MN: This is a great question. LACO had challenges with this during the economic downturn. In 65 years of business, LACO has had to navigate at least three major ownership transitions and several smaller transactions with shareholders. During the lean years, it wasn’t very attractive to become an owner. We had difficulty in retiring underperforming principals as well as attracting new owners. We have since improved our financial performance and focused on attracting more shareholders by having tangible benefits of ownership and cultivating our rising stars. We now have eight owners, but it’s still a challenge. Preparing the next generation for ownership is an area we can still improve on, but we start with identifying candidates and pairing them up with a strong leader. They do things like go to client meetings together. Last year we also acquired a small firm of eight that had strong leaders that could be on track for ownership.
TZL: Describe the challenges you encountered in building your management team over the lifetime of your leadership. Have you ever terminated or demoted long-time leaders as the firm grew? How did you handle it?
MN: We had a principal who had kind of “retired in place.” I had to deal with that and really retire the person through termination. It was time to make room for new leadership. We’ve also grown to a size that is beyond some of our expertise and, as a result, are looking to add more people from the outside to join the board, including people from other industries.
TZL: In one word or phrase, what do you describe as your number one job responsibility as CEO?
MN: Keep everyone going in the right direction.
TZL: The seller-doer model is very successful, but with growth you need to adapt to new models. What is your program?
MN: It’s a current challenge. All of our key managers are in seller/doer roles. They do it all. The challenge is there is too much on their plate. It’s a bandwidth situation. We are working to take the seller/doer model to the next tier and distributing more to project managers. Right now we have three to four department managers who do it all. We’re looking to train more mid-level people to handle more of these tasks. It’s similar to our internal transition leadership model. We have to manage burnout.
TZL: Diversity and inclusion is lacking. What steps are you taking to address this issue?
MN: We are looking to have more female managers and working through internship programs and with universities. Currently, three out of our eight owners are women and we are pretty proud of that. We have a high level of diversity at the firm and have tribal members as key managers. It’s important to have a variety of opinions and backgrounds – we need different perspectives.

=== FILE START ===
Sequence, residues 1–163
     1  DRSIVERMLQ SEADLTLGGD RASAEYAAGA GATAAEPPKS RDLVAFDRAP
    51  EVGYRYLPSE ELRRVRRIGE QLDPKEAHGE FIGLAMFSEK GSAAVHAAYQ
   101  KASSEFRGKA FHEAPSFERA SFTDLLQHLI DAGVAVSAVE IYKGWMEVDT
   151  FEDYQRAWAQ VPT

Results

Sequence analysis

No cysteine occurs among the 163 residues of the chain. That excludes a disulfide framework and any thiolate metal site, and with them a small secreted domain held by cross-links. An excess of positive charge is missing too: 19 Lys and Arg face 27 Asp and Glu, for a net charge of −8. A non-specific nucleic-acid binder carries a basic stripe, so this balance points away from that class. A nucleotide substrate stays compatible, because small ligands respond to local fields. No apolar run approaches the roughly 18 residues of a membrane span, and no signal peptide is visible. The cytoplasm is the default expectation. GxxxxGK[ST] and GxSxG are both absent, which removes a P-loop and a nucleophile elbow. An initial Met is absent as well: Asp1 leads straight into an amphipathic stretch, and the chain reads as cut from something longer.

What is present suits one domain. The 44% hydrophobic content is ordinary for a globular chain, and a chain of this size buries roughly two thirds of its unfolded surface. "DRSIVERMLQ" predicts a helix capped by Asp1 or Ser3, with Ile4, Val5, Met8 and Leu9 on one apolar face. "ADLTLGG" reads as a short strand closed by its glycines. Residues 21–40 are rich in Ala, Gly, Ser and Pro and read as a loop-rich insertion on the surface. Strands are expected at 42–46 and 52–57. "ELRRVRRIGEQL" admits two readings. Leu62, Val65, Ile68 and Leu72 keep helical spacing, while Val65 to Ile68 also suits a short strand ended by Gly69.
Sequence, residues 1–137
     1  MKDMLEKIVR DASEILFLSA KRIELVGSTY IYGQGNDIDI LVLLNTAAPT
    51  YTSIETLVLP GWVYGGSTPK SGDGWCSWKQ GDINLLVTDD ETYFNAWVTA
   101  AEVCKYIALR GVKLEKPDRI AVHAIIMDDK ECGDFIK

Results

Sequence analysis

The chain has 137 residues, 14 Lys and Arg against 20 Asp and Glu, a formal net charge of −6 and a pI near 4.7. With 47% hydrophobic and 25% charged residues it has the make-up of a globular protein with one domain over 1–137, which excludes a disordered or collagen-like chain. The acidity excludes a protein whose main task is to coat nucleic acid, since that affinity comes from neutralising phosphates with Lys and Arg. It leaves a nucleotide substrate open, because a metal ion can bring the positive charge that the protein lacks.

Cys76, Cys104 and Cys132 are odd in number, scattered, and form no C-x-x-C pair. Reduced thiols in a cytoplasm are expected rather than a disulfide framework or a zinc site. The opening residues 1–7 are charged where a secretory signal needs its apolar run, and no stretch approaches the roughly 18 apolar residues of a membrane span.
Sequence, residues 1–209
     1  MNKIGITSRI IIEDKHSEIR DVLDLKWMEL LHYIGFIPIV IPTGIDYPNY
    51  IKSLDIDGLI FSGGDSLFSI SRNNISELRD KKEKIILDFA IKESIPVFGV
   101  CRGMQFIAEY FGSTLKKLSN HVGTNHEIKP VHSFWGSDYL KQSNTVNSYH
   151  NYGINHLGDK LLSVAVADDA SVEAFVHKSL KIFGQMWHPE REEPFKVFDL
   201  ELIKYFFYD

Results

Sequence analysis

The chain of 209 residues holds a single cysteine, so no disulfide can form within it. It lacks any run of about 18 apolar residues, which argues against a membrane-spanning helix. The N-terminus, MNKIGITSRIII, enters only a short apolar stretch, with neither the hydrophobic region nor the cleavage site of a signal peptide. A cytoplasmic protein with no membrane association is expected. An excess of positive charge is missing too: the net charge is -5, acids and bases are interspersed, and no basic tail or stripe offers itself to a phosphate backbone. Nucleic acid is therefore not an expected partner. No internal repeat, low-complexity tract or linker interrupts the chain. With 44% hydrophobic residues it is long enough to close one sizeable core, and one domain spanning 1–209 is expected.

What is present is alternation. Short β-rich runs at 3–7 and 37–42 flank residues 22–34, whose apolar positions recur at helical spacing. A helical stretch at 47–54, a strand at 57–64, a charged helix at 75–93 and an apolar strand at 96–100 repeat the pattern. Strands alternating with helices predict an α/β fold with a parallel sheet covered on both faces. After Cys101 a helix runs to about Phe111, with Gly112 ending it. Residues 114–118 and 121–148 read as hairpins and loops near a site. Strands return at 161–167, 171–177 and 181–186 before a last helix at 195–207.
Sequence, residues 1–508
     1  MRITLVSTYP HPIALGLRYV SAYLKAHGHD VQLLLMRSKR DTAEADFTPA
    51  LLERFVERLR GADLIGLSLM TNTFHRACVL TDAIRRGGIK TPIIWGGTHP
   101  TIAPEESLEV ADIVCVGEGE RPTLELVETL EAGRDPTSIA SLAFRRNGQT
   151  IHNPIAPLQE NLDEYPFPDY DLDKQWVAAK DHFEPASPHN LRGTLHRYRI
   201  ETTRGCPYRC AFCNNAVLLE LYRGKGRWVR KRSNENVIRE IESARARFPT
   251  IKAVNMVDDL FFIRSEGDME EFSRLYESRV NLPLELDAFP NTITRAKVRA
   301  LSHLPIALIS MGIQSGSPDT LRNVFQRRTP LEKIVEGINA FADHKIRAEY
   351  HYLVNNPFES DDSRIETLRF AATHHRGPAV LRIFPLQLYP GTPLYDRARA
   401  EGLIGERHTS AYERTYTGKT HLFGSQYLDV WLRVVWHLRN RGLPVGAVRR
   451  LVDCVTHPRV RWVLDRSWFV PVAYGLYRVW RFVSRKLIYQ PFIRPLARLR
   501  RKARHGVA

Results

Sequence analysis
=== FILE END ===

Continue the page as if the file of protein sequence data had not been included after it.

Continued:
TZL: A firm’s longevity is valuable. What are you doing to encourage your staff to stick around?
MN: We have declared that we want to be among the Best Firms To Work For. We’re a professional but fun place. While we can’t compete with the perks offered at places like Google and Apple, we do pretty well in that department. We have lots of social events, ping pong tables, and communicate to people that we’re not just a place to have a job – we build careers. We want people to know that we’re in it for the long-term.
TZL: If the worker shortage continues, do you see wages increasing to encourage more talent to enter the AEC space, or will technology be used to counter the reduced work force?
MN: There’s continued wage pressure. We’re working to bridge the gap and are promoting our strong culture. We encourage flexibility, promote working from home, and highlight that we are in an area where there is a lower cost of living when compared to many other regions. We’re working to capitalize on our culture – smaller teams on projects and opportunities to work on specialty projects. So, quality of life, cost of living, and interesting jobs.
TZL: Engineers love being engineers, but what are you doing to instill a business culture in your firm?
MN: We’re working to train project manager assistants or project coordinators. It’s rare to get people who can do it all well. People tend to gravitate to what they like to do. We’re pairing up people to work together. For example, tech people who show a strong affinity for financials – they’re likely a strong candidate for the leadership track.